Performing Accurate Multi-Paction Measurements
- Created on Sunday, 01 August 2010
Identifying Multi-Paction Events
Multi-paction effects can be detected by a number of different approaches, which make measurements globally (on the system) or locally (on a component). Global methods determine whether multi-paction is present somewhere in a satcom or other system, but don’t isolate which component is the source of the multi-paction effects. Local approaches are more useful during the system development stage to identify “weak links” in the system at the component level. Local evaluation methods can also be used to monitor part of a system under continuous operation in order to better understand long-term effects. Multi-paction effects can often be elusive to spot, and it can take years for a multi-paction discharge to occur. Over time, persistent multi-paction events can cause erosion of component surfaces, which degrade electrical performance and eventually lead to component and/or system failure.
Common global methods that analyze system performance under conditions conducive to multi-paction effects include detection of increased close-to-the-carrier noise, increased second and third harmonic levels, and changes in output power. Unfortunately, since the first two approaches rely on the generation of noise, they are prone to errors from noise caused by non-multi-paction causes. Multi-paction measurement systems typically suffer from a number of different sources of noise, including from microwave signal generators. Excessive noise from other sources can lead to establishing a too-low value for the multi-paction threshold of a system. Similarly, failing to detect a transient multi-paction event can lead to establishing an excessively high multi-paction threshold for a system.
Global techniques have also been developed based on the use of amplitude modulation (AM) detection, using high-speed sampling techniques to generate a Fast Fourier Transform (FFT) display of the test signal. This approach relies on the signal difference between the input test signal and the multi-paction threshold. When the signal carrier passes the multi-paction threshold, it produces a distinct modulated output signal. An FFT will reveal any periodicity in the measured signal.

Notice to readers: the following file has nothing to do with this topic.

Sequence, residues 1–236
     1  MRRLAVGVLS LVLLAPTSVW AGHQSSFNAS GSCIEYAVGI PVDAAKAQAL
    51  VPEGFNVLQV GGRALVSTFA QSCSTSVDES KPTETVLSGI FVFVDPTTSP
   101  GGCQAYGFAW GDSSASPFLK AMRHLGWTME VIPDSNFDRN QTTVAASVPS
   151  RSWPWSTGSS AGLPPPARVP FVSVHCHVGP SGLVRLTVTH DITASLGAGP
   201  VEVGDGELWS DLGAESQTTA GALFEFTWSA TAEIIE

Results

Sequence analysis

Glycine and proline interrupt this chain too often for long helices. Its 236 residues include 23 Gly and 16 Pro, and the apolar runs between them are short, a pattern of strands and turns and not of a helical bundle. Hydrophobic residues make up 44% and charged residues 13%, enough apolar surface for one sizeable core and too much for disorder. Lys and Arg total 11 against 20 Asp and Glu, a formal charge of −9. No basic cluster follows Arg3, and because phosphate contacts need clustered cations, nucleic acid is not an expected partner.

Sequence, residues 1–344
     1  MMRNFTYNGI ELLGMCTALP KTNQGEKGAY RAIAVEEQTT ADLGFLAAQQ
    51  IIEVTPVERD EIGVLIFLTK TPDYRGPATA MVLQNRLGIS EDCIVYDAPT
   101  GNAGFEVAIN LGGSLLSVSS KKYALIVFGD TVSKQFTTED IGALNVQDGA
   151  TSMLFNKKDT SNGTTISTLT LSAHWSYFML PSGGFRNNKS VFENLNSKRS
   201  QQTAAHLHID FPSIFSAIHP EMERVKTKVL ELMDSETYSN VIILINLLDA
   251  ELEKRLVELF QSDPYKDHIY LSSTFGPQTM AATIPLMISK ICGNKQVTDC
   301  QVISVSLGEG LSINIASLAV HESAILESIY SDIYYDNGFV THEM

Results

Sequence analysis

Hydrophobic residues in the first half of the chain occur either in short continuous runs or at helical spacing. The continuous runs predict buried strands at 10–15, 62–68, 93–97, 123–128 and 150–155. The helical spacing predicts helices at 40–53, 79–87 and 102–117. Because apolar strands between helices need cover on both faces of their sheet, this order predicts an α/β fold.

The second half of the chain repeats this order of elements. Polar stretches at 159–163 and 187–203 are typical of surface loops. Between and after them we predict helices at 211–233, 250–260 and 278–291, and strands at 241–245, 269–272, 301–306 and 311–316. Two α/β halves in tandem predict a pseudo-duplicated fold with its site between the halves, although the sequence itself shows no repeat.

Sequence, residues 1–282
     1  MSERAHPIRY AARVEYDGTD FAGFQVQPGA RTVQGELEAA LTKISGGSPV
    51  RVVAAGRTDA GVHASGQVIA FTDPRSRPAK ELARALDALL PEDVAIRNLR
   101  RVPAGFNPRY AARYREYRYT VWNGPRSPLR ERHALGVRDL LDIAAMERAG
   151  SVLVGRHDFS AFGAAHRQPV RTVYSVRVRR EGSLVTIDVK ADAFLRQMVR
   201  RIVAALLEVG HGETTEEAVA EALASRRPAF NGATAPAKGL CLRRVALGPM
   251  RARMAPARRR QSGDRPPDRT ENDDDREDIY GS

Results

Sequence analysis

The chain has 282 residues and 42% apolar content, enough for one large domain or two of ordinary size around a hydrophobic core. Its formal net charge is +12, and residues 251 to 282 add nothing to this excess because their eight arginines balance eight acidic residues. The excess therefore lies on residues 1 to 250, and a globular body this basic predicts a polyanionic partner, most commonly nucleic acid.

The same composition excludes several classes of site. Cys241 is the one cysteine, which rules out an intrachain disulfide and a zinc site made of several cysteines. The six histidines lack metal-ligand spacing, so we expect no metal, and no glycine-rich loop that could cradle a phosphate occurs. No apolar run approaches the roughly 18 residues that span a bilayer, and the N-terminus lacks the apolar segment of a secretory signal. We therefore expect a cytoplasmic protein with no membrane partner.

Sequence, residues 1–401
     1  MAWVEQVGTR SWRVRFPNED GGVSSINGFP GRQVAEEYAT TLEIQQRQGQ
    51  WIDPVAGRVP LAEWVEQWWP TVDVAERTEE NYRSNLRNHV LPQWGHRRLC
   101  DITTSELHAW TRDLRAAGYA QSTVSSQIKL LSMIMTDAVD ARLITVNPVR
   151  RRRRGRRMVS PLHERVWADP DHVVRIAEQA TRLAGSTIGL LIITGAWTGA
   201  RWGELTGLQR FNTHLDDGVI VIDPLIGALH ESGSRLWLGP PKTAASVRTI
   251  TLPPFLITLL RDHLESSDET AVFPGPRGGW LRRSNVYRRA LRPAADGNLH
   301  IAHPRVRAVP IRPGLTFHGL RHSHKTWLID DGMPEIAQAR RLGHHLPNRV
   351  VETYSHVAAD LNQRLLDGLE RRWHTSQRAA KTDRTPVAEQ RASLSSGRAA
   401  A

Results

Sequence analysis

Both global and local measurement methods have been developed for single-carrier and multiple-carrier test cases in order to closely emulate operating conditions of satcom and other high-power communications systems that employ complex modulation formats. In multicarrier systems, for example, the peak power levels of the system can vary widely, depending upon the relative signal phases of the carriers.
Traditional test systems have relied on a high-power RF/microwave source usually consisting of a frequency synthesizer and external pulse modulator boosted by means of a high-power traveling-wave-tube (TWT) amplifier (TWTA). Some means of power control is needed, usually in the form of a series of couplers and power dividers and precision variable attenuators. Phase shifters are typically used to control the phase of the test carrier signals, and often impedance tuners will be enlisted to ensure precise control of the impedance match to the device under test (DUT). The DUT itself, which may be a component, subsystem, or full system, is isolated in a vacuum chamber to emulate deep-space atmospheric conditions. Traditional monitoring equipment includes peak power meters, spectrum analyzers, and digital storage oscilloscopes (DSOs). Such a system (Figure 1) is designed to precisely compare signals entering and exiting the DUT for evidence of nonlinear behavior that might signal the onset of a multi-paction event. One of the goals of any multi-paction test system is not to instigate multi-paction events that lead to the destruction of a DUT, but to identify the threshold voltage and power levels for multi-paction events, below which the DUT can operate safely.
One of the problems with the traditional multi-paction test setup is its reliance on spectrum analyzers to identify spectral phenomena, such as increased levels of third-harmonic signals, that may be extremely short lived and difficult to capture, even by a high-speed DSO. Analog spectrum analyzers operate with swept analog resolution-bandwidth and video filters. Resolution increases as sweep speed decreases, and often an analog spectrum analyzer’s sweep speeds are incapable of capturing the short-term increases in third-harmonic distortion that may be the signals for a multi-paction event. Newer, real-time spectrum analyzers, which rely on digital capture of a fairly wide instantaneous input bandwidth, can improve the chances of capturing the transient events related to multi-paction effects, but these instruments still resolve signal information by means of swept filters, albeit using digital signal processing (DSP) for those filters.